Visit the Monuments to la francophonie
Île du Chenail (Chenail Island)
87 John Street
Hawkesbury, Ontario K6A 1Y1
Unveiled : November 28, 2014
Bernard Grandmaître, Honorary President of Monuments de la francophonie d’Ottawa
The Franco-Ontarian Flag
The Franco-Ontarian flag was created in 1975. It consists of two sections; the left section features a white fleur-de-lys (representing la Francophonie) on a green background, and the right section features a green trillium flower (representing Ontario) on a white background. The flag was recognized as an official symbol of Ontario by the Ontario Government in 2001.
The goal was to build a monument with a huge Franco-Ontarian flag measuring 15 feet by 30 feet on an 80 foot pole surrounded by plaques and information about Franco-Ontarian history. The monument was built on the site of a historic gold mine on the Île du Chenail (Chenail Island).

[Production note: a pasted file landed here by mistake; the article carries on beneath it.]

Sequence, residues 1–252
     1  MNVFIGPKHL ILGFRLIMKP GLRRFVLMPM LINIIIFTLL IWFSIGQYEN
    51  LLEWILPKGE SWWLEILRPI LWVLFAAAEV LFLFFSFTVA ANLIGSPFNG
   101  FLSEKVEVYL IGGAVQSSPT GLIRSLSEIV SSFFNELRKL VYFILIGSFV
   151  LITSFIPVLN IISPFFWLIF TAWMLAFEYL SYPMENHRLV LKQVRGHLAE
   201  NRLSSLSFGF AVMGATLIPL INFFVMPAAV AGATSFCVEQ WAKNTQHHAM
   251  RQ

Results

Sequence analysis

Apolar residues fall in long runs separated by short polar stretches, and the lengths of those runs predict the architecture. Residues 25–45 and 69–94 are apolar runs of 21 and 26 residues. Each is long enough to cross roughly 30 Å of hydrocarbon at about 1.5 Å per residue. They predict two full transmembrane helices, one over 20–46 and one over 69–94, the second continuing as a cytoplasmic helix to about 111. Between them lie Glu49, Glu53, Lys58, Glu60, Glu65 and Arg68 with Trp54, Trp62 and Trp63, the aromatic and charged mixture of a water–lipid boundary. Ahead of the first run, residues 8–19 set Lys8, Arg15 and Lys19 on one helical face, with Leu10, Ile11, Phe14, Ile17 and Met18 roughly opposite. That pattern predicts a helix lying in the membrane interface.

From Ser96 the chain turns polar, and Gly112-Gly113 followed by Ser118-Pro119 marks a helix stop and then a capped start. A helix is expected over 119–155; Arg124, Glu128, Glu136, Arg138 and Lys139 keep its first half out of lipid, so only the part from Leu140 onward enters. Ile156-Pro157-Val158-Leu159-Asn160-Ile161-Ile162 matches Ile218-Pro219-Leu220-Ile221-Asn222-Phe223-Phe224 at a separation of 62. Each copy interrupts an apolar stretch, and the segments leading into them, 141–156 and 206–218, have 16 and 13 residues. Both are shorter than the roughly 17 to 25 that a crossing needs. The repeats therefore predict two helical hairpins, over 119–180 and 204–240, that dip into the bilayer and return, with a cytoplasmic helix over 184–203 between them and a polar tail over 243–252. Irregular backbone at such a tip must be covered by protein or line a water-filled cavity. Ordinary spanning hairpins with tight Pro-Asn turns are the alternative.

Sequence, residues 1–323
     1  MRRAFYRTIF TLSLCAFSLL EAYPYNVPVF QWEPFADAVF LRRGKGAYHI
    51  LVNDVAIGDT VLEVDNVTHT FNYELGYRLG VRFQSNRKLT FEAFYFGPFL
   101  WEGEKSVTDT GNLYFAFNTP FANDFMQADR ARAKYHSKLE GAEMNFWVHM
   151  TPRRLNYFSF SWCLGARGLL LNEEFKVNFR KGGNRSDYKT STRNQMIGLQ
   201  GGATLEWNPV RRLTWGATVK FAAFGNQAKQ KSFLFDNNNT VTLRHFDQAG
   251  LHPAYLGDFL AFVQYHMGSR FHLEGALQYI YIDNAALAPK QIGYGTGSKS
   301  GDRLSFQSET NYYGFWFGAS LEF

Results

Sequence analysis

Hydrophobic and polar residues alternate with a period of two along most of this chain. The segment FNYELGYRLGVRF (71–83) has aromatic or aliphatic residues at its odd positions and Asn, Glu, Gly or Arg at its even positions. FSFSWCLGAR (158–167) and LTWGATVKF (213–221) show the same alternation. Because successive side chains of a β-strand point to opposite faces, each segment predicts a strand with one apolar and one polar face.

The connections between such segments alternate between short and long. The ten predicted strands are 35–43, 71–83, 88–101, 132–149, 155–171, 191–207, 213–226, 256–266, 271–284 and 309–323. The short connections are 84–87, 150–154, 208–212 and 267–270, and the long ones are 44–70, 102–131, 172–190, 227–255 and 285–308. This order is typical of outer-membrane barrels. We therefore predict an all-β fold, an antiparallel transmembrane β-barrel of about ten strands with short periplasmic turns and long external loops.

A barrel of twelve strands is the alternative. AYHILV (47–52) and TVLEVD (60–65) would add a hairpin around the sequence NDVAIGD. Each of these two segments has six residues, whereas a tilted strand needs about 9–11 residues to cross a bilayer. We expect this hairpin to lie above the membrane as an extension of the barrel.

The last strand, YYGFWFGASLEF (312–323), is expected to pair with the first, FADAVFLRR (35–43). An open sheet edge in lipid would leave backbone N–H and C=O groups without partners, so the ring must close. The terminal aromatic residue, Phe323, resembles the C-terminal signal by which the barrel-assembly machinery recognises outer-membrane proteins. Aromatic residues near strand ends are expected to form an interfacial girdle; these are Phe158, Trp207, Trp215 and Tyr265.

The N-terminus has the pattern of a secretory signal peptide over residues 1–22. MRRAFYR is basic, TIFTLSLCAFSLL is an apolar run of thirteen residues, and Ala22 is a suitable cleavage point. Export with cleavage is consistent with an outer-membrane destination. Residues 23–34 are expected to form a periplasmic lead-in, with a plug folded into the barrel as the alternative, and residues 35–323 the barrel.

This monument is unique in that it features two large hands (12 feet by 6.5 feet) that represent Franco-Ontarians and the warm welcome that they offer to everyone around them. They also protect the lys flower, the symbol of la Francophonie. The Franco-Ontarian flag towers above the hands and all the plaques. There are also several statues around the monument representing a family and people of all ages.
There are 13 benches with a maple leaf design around the monument. The benches represent the francophones in each Canadian province and territory.
More information about the Hawkesbury monument can be downloaded in PDF format here.
The Hawkesbury monument to la Francophonie is a community heritage project that was coordinated by people dedicated to the local francophone community.
Gilles Trahan, President
Odette Charbonneau Legault
The organizing committee for Hawkesbury’s monument to la Francophonie is grateful to the donors who provided financial aid for this project.